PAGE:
Saturday, September 24, 2011
My new romantic suspense, Cold River, will be in stores next month! It's my valentine to the little hamlet of Concrete, Washington, where I taught school more years ago than I care to think. One of my former students is soon to be a grandmother.
The year I was there, the townsfolk took a dislike to the school superintendent and made life so uncomfortable for him that he didn't return the next year.
The area around Concrete is heavily forested, and many of the people, when I taught there, decended from settlers who had come from neighboring counties in North Carolina in the early part of the twentieth century. When I was there, the town was quite isolated, and many of the customs the people had brought with them as they moved west still survived: bluegrass music, hounds, and even whiskey stills. I remember one of my students asked me with a definite twang to her diction, "Miz Adair, do I sound like a Tarheel?"
Though logging isn't the industry that it used to be nowadays, there are still lots of people who claim a Tarheel heritage.
Cold River is set in contemporary times, but I've used my memories of how it was in Concrete to fashion a story about twenty-nine-year-old Mandy Steenburg, who thinks her doctorate in education has prepared her to run any school district—until she tangles with the moonshine-making, coon-dog-owning denizens of Limestone, Washington.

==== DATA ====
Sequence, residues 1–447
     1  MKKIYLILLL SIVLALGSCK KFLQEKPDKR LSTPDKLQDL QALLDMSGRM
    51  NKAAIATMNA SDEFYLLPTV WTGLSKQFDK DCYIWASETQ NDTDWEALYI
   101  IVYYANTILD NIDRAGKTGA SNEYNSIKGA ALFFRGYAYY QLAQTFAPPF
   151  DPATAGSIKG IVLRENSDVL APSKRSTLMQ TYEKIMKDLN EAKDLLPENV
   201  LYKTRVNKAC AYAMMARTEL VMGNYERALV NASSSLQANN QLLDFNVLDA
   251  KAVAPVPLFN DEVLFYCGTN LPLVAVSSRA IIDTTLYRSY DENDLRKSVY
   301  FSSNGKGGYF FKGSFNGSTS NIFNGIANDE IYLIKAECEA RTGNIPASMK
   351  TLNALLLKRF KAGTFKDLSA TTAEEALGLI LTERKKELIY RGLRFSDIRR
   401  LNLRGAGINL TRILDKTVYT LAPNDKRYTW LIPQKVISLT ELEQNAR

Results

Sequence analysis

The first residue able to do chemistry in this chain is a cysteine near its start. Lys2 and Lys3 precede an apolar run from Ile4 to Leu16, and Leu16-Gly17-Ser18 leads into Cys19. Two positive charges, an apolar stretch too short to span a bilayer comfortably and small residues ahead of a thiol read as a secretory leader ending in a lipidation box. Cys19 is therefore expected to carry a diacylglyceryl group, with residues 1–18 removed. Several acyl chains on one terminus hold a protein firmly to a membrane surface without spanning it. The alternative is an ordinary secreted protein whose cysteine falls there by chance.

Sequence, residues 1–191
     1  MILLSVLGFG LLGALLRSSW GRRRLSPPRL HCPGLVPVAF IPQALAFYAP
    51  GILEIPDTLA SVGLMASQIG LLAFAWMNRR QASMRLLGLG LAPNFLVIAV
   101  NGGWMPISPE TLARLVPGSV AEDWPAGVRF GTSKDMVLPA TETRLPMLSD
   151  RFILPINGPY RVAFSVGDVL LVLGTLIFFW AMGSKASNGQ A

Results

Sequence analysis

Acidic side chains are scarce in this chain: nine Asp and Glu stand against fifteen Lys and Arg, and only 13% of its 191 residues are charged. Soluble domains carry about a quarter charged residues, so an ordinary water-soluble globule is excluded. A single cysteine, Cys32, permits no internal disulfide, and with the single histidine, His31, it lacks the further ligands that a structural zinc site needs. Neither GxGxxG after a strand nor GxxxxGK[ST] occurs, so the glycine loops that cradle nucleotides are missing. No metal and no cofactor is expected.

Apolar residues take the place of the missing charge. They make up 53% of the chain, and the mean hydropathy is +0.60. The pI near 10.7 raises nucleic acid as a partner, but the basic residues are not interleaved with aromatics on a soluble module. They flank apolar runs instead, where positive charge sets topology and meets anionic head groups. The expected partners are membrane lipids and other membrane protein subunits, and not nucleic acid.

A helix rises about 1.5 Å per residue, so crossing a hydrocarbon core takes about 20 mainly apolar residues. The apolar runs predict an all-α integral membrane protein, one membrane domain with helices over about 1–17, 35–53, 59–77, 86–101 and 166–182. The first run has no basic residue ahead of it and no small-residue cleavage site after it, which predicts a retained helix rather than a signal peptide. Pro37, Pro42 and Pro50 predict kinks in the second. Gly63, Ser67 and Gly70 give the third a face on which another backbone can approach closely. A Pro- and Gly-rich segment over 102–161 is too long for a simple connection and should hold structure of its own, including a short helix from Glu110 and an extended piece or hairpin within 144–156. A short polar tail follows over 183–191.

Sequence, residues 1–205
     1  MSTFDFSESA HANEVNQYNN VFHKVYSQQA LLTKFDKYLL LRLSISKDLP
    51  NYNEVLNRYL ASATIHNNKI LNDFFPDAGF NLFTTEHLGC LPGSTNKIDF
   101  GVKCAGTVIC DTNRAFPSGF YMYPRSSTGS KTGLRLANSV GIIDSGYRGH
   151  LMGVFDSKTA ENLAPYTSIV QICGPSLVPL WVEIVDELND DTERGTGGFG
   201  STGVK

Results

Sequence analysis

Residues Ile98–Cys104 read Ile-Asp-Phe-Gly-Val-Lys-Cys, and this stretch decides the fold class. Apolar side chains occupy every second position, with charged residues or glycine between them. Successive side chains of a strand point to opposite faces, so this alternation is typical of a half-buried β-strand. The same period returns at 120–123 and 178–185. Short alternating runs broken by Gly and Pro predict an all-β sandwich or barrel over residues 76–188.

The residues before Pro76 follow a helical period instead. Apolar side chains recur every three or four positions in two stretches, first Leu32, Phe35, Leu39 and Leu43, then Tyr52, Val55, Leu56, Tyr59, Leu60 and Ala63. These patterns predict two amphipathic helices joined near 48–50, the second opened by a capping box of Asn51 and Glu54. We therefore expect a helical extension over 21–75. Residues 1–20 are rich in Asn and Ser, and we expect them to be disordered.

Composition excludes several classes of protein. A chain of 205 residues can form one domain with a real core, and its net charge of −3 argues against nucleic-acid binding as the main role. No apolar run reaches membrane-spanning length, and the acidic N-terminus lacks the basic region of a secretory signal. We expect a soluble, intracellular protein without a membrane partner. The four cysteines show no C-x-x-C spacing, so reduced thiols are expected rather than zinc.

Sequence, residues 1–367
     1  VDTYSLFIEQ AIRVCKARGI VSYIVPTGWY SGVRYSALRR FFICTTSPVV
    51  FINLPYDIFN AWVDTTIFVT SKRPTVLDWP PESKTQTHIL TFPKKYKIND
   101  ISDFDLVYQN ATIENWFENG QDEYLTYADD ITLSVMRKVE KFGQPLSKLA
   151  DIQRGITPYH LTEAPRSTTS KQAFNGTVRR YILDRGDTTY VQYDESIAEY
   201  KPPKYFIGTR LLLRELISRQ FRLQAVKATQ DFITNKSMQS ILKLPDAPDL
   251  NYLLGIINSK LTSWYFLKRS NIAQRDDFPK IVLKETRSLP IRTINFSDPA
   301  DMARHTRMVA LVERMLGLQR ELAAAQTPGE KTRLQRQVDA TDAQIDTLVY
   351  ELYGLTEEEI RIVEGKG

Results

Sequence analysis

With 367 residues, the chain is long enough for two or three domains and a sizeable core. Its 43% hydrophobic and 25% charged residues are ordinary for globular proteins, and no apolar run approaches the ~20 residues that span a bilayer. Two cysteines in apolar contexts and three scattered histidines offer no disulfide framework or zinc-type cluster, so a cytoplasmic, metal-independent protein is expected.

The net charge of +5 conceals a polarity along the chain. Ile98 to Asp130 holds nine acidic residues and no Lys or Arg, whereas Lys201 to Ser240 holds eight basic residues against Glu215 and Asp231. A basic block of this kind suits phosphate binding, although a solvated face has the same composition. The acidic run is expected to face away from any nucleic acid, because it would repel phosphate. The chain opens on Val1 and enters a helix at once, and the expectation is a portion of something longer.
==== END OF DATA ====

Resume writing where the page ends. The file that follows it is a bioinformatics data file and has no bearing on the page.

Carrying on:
When the petite dynamo leaves her fast-track position in Albuquerque and takes over a tiny school district in remote Pacific Northwest timber country, she's armed with the latest educational ideas and determined to make a difference. She finds the local populace—descendants of loggers who moved west from North Carolina during the Depression—have kept many of the old customs, including a mistrust of strangers. What's more, they still look to the former superintendent for leadership.
When Mandy lands in the middle of an old feud and someone keeps trying to kill her, instinct tells her to run back to the southwest. Though she has to literally swim through perilous waters, she finds a reason to stay and chance the odds.
I'll be announcing my publication party soon.